Jeff Sessions sure appears like he is taking orders from Trump on a Clinton special counsel

Washington (CNN) On November 2, in a radio interview, President Donald Trump said this : “The saddest thing is that because I’m the President of america, I am not supposed to be involved with the Justice Department. I am not supposed to be involved with the FBI.”

The following morning — beginning at 6:57 a.m. — he started a tweetstorm on the same topic. “Everybody is requesting why the Justice Department (and FBI) isn’t looking at all the dishonesty going on with Crooked Hillary & the Dems,” he wrote

He followed that tweet up with five more, including this one : “People are angry. At some point the Justice Department, and the FBI, must do what’s right and right. The American open public deserves it!”

Then he left for a 12-day trip to Asia — a vacation he returns from Wednesday.

On the eve of this come back came news out of the Justice Department that Attorney General Jeff Sessions is considering the possibility of appointing a special counsel to consider allegations of wrongdoing regarding the 2010 sales of a uranium company to Russia — which Hillary Clinton’s STATE DEPT. approved.

In a letter delivered to House Judiciary Chairman Bob Goodlatte, a Virginia Republican, assistant Attorney General Stephen Boyd confirmed that Sessions had directed prosecutors to analyze whether “any matters not currently under investigation should be opened, whether any matters currently under investigation require further means, or whether any merit the appointment of a special counsel.”

Here’s finished .: This could all merely be a huge coincidence. Sessions might well have decided to check out the possibility of a special counsel for the Uranium One sales prior to Trump’s tweets and open public frustration with the Justice Department’s refusal to check out the “real” issues from the 2016 marketing campaign. And, phrase of the factor of a special counsel might have coincidentally leaked on your day before Trump is defined to return to Washington.

But, it’s odd — to say the least — that Sessions decided that today was enough time to check out the Clinton allegations. In the end, Goodlatte wrote two letters to the Justice Department — one on July 27, the different on September 26 — asking for the appointment of a special counsel to examine the uranium package and other “concerns that seem to be beyond your scope of exceptional counsel Robert Mueller’s investigation.”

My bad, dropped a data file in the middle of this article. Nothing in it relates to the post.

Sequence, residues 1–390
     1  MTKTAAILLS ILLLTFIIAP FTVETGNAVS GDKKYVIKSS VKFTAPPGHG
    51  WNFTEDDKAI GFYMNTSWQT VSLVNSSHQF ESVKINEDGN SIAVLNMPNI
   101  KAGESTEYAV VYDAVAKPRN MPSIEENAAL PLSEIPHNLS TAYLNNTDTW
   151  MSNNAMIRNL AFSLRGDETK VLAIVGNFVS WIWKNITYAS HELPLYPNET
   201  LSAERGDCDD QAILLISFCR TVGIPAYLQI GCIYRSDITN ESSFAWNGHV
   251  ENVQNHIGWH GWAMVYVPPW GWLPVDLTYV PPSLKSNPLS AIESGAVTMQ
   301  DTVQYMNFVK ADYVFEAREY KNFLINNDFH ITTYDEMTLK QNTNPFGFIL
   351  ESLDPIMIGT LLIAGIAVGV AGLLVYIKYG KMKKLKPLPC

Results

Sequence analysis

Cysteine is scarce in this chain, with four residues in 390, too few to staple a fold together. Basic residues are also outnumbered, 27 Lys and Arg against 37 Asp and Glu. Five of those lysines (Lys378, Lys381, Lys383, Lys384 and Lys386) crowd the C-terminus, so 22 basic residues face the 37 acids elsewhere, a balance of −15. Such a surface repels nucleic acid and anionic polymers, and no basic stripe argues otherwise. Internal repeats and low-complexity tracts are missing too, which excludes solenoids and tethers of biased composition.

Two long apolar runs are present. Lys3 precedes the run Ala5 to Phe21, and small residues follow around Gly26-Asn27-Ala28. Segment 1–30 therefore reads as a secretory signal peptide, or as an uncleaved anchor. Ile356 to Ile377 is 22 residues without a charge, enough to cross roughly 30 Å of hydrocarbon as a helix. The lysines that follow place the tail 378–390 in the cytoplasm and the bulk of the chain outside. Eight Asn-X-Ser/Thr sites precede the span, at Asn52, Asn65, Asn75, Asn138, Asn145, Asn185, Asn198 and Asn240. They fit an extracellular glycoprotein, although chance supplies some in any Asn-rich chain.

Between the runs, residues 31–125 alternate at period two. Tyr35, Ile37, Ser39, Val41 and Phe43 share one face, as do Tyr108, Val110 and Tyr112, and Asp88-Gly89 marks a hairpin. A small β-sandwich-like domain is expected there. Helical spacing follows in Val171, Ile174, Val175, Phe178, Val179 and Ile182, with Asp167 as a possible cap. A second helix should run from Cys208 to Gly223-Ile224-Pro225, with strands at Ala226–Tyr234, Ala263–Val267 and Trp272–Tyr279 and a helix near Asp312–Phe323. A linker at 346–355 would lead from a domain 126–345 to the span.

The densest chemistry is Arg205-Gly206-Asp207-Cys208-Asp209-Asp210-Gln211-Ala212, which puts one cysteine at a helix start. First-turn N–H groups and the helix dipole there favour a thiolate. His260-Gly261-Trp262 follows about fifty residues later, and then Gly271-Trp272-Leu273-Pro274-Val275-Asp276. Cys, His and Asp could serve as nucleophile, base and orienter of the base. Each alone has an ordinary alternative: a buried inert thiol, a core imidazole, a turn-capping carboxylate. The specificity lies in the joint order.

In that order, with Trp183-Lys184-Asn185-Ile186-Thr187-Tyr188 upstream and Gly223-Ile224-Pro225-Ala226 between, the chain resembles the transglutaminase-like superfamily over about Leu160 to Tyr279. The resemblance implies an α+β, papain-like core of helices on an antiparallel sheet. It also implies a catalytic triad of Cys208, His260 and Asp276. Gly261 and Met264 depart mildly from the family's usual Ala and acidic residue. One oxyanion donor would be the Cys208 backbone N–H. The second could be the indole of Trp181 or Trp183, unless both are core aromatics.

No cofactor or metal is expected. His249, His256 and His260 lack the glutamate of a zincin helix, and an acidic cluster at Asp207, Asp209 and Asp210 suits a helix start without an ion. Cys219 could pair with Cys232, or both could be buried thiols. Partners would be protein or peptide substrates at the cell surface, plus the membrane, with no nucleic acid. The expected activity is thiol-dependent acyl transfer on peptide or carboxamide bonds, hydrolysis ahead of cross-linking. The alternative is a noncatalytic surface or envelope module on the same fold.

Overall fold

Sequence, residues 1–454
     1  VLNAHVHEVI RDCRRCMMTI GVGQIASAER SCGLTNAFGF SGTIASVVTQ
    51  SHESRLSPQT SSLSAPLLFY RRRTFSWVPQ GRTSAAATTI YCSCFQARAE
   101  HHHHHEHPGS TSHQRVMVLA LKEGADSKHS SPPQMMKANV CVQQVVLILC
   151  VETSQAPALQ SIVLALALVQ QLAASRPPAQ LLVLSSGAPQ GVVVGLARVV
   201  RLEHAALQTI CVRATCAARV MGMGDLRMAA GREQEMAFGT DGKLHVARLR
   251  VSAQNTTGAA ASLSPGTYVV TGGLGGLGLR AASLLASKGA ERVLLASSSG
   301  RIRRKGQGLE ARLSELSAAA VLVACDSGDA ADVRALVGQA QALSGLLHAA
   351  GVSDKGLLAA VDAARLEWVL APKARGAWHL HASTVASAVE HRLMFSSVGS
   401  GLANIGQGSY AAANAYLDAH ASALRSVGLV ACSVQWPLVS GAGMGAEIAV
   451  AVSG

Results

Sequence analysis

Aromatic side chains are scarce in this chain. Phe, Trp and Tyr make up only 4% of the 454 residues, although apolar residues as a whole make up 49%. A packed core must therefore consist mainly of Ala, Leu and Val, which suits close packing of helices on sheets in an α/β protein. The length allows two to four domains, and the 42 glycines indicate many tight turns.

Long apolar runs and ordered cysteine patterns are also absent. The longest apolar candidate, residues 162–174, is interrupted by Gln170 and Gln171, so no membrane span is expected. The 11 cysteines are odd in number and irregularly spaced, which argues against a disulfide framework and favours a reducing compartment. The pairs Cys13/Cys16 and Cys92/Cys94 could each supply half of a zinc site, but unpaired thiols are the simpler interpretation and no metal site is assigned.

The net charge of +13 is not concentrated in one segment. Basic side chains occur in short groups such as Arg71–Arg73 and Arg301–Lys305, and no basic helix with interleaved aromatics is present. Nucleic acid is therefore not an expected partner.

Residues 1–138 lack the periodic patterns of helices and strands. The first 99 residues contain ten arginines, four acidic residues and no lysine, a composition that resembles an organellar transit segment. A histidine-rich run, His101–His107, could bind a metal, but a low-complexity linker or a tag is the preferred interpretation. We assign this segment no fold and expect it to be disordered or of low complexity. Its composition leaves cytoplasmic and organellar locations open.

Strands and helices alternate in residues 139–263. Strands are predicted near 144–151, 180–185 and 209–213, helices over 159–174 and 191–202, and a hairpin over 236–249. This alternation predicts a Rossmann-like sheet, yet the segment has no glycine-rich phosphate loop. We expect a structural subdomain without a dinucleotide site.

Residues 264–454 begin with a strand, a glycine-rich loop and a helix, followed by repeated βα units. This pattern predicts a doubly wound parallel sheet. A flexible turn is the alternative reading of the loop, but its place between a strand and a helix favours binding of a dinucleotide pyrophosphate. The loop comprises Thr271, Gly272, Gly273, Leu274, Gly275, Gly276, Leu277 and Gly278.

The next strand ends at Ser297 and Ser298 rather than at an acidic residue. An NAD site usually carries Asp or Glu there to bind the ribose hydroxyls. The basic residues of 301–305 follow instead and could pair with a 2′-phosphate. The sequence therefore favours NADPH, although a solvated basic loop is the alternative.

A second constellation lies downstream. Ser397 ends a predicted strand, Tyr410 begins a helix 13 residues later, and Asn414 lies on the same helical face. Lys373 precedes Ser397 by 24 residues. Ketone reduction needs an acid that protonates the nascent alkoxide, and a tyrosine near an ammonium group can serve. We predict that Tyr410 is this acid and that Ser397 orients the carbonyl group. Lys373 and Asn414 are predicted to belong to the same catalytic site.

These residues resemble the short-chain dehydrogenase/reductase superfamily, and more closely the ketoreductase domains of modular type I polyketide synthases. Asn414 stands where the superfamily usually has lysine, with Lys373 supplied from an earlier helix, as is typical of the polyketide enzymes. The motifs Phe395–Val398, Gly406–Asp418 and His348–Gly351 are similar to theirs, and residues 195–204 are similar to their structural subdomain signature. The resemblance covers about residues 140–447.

The apparent answer for the question of “why now” is that Trump — through Twitter and his public statements — sufficiently ramped up the pressure on Sessions to start doing what he wants done.

Context matters here. Sessions features been fighting for his work because the day — in the past in early on March — that he recused himself from the FBI’s investigation into Russia’s attempted interference in the 2016 marketing campaign and any potential collusion with the Trump marketing campaign. That decision ultimately led to the appointment by deputy Attorney General Rod Rosenstein of Mueller as exceptional counsel overseeing the investigation.

Trump has referred to Sessions due to “beleaguered” on Twitter. Trump has made very clear that he is angry at Sessions over the recusal decision — and lays a lot of the blame for the ongoing Russia investigation immediately at the legal professional general’s feet. He told The New York Instances that had Sessions educated him of his planned recusal, Trump could have picked someone else as his legal professional general

In a nutshell, the President has gone way out of his way to create clear to Sessions that he’s performing a bad job. Also to suggest (and recommend again) that Sessions and the Department of Justice should use a lot more time looking at allegations about the Obama administration uranium package and Clinton’s personal email server.

Which is what Sessions is now at least considering doing.

But, delay, you say. Trump is Sessions’ boss! Why can’t he simply tell him what to do?!

Because the Justice Department is — and long has been — seen as an independent operator within the federal government. And, once and for all reason. The job of DOJ is to investigate and prosecute crimes and potential crimes without fear or favor. Possibly the looks of White Residence involvement in how Justice does its job sometimes appears as a major breach of protocol. ( This LA Instances explainer on why the Justice Department’s independence concerns so much will probably be worth reading.)

The timing of Sessions’ decision has to raise questions about Justice’s vaunted independence from the executive branch. Of training course, no special counsel provides been appointed. Yet.

But, if Sessions does decide to go that path, he’ll take a large amount of flack from inside and outside the department for this.

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